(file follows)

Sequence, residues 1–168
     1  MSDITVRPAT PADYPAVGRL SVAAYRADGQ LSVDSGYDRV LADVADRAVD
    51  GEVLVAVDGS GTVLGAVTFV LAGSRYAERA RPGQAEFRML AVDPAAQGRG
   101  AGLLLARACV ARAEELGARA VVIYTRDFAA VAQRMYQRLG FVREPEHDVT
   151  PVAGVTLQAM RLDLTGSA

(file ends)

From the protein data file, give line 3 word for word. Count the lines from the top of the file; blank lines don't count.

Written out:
    51  GEVLVAVDGS GTVLGAVTFV LAGSRYAERA RPGQAEFRML AVDPAAQGRG